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Former Cowgirl standout Johnson using extra time before Olympic trials to work on strength, speed

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Sinclair mid race (copy) (copy)

Sinclaire Johnson (right), the 2019 NCAA champion in the women's 1,500-meter race, is striving to compete in the Tokyo Olympic Games, which have been postponed to 2021.

Sinclaire Johnson is sticking to her plan, but the timeline has extended to next year.

Before the COVID-19 pandemic disrupted sports schedules, Johnson, a former star on the Oklahoma State women’s track and field team, had been striving to compete in the 2020 Olympic Games in Tokyo. She had met the qualifying standard in the 1,500-meter race, so she was preparing for the Olympic trials in June, when she would need to place in the top three to earn a spot on Team USA.

Then the starting date of the Games was delayed to July 23, 2021, because of concerns regarding the novel coronavirus, so the trials have been postponed as well. Johnson said she wasn’t surprised to see this news. Although she must wait a year to see whether her Olympic dreams will come true, she is keeping a positive attitude as she continues to run.

“I think for me, my preparation won’t change much,” Johnson said. “Just focusing on getting stronger and faster. We’re going to basically keep training this year as if there was going to be a season and just kind of simulate races here as much as we can.”

Although Johnson chose to forgo her senior year of eligibility so she could launch her professional career, she is still part of the OSU community. As a first-year pro athlete who runs for Nike, she continues to live in Stillwater, where she is finishing her economics degree program and training with OSU coach Dave Smith. Johnson also has a professional training partner, a woman who travels from Oklahoma City to work out with her.

Races have been canceled and postponed, but for Johnson, this is no time to take extra breaks from running. She said her routine consists of about six or seven consecutive weeks of rigorous training before one less demanding week.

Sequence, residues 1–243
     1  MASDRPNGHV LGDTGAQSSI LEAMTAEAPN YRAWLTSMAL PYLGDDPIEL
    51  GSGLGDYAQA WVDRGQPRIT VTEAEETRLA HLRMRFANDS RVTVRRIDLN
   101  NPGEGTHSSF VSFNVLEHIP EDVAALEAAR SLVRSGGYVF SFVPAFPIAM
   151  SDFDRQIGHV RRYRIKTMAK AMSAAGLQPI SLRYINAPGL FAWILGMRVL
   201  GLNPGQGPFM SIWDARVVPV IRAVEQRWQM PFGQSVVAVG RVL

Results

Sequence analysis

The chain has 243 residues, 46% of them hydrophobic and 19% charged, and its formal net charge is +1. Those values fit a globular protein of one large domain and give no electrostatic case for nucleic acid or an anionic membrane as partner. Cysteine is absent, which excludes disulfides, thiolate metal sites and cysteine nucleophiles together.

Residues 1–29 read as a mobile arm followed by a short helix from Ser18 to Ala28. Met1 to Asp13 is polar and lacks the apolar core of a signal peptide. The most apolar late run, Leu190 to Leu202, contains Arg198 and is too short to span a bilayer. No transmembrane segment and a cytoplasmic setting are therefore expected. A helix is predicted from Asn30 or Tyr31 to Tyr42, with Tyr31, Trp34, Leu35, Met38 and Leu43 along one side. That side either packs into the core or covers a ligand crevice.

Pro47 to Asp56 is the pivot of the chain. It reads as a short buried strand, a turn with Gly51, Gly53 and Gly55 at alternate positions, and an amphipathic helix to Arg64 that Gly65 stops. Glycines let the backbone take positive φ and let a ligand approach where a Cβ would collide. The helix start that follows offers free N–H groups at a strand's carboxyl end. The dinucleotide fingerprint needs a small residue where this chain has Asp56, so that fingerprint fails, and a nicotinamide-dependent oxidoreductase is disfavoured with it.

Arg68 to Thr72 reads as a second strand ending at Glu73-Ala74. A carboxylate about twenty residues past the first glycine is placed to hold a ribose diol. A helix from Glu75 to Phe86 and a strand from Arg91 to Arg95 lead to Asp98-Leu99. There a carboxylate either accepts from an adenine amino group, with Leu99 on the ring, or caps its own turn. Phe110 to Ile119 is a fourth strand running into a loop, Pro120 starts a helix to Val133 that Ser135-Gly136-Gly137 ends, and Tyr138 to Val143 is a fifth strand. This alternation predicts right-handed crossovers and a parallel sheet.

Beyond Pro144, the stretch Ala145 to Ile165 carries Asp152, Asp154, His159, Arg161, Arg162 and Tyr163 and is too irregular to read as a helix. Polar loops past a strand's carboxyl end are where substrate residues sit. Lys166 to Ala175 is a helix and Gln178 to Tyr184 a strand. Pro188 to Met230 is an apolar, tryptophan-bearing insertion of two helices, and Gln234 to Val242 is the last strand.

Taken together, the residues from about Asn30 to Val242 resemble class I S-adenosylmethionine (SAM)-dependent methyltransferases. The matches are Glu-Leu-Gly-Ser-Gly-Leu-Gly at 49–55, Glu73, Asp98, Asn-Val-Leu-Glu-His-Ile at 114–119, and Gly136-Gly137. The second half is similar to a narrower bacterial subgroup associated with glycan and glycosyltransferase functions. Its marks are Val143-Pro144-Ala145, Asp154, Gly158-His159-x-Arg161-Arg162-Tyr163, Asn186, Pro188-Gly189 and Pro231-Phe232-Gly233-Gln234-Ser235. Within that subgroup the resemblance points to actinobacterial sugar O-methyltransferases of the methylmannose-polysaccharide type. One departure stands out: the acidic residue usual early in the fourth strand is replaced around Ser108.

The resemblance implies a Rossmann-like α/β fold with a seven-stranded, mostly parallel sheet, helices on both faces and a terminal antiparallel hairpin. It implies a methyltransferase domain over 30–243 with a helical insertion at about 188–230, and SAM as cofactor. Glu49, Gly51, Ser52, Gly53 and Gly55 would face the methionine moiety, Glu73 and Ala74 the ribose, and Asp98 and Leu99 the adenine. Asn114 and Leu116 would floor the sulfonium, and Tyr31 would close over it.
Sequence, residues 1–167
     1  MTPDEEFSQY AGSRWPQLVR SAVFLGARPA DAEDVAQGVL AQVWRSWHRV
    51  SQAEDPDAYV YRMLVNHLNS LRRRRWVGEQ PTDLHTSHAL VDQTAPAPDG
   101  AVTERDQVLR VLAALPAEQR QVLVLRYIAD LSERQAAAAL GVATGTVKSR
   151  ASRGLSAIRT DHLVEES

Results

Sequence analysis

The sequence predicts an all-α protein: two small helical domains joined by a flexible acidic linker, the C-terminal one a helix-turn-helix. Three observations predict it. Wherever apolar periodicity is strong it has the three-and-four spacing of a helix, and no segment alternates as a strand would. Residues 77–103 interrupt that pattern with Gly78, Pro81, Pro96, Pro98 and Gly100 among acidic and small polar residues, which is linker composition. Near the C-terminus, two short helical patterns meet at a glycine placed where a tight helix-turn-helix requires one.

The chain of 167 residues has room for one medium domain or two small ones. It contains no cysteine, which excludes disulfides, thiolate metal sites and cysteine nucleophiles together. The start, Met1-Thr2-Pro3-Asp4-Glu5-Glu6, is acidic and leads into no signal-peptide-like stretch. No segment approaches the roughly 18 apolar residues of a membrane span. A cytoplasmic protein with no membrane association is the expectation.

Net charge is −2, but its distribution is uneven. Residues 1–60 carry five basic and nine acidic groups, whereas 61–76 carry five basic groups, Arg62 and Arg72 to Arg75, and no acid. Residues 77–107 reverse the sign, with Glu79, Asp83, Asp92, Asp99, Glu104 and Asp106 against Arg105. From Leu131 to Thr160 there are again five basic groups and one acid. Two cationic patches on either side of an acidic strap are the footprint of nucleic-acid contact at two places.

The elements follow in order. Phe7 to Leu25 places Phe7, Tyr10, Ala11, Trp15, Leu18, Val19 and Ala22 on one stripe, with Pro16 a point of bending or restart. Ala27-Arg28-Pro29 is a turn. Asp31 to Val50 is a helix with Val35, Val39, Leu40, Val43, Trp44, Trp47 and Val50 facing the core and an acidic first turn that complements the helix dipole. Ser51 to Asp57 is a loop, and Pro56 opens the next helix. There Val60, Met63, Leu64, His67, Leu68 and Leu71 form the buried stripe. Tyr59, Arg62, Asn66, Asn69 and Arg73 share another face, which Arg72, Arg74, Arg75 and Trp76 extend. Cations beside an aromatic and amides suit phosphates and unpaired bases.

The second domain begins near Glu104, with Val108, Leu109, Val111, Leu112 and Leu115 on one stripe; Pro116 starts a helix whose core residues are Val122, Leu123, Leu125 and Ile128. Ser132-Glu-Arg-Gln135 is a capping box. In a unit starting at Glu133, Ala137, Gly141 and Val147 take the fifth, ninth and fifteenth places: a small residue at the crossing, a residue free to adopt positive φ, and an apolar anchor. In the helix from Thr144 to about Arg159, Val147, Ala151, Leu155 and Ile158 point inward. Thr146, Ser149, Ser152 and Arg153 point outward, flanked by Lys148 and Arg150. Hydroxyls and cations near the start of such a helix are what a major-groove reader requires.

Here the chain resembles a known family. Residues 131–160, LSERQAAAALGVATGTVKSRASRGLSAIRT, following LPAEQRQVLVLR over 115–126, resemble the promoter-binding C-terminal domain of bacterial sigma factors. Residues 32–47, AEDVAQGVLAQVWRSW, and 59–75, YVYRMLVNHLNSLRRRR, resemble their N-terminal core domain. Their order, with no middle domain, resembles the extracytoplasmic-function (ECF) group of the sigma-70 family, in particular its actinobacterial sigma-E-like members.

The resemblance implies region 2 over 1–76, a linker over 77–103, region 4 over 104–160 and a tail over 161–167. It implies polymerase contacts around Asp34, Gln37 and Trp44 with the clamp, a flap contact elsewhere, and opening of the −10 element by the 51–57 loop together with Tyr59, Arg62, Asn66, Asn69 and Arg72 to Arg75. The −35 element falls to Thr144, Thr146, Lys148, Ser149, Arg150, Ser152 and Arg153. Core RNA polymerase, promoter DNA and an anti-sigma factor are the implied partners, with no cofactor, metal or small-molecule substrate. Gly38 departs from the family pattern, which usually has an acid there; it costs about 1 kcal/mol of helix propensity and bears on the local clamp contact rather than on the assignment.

“We’re doing a lot more intensity and a lot more volume of workouts now just because there’s no races to taper for or get ready for,” Johnson said. “So we can keep the intensity and volume up, which is a lot different. Because last year, I would have a hard week of training and then an easy week of training because I would have a race that week, and it would kind of flip on and off like that.”

Johnson is new to the pro scene, but becoming an Olympic runner became a realistic objective for her when she was a member of the Cowgirl track team. To make the Olympics, it wouldn’t matter whether she was a professional or collegiate athlete.

“When I started running here at OSU as a freshman, (competing in the Olympics) was totally out of the realm, so I wasn’t really thinking about the Olympics,” Johnson said. “Probably about my junior year, like beginning of junior year, was when I started to think … not focus on it, but, ‘That’s definitely a goal of mine.’”

During that junior season, Johnson’s career skyrocketed. Her time of four minutes, 5.98 seconds, a meet record in the 1,500, made her a 2019 NCAA champion.

In July, Johnson finished fourth at the USA Track and Field Outdoor Championships. Although she was one spot short of qualifying for the World Championships, she realized she could hold her own as a young athlete racing against seasoned runners. The next month, Johnson announced she was going pro.

Because she is in the process of adapting to life as a professional athlete, she said it’s beneficial for her that the Games will take place next year when she has more experience. In October, Johnson will go through another big change when she moves to Portland, Ore., to become part of a professional track and field group, but until then, she is continuing her workouts in Stillwater.

“I’m sure that will be a different kind of adjustment and new lifestyle out there (in Portland) just running and not doing school,” Johnson said. “It will be exciting.”